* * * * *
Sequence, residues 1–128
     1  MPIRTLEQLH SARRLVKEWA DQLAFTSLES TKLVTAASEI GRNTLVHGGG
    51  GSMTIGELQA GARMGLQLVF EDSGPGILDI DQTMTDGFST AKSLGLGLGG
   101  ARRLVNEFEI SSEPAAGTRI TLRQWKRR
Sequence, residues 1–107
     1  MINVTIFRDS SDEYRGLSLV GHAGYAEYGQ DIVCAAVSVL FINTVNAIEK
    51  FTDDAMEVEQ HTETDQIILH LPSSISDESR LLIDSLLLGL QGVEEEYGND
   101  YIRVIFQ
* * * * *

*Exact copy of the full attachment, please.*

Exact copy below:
Sequence, residues 1–128
     1  MPIRTLEQLH SARRLVKEWA DQLAFTSLES TKLVTAASEI GRNTLVHGGG
    51  GSMTIGELQA GARMGLQLVF EDSGPGILDI DQTMTDGFST AKSLGLGLGG
   101  ARRLVNEFEI SSEPAAGTRI TLRQWKRR
Sequence, residues 1–107
     1  MINVTIFRDS SDEYRGLSLV GHAGYAEYGQ DIVCAAVSVL FINTVNAIEK
    51  FTDDAMEVEQ HTETDQIILH LPSSISDESR LLIDSLLLGL QGVEEEYGND
   101  YIRVIFQ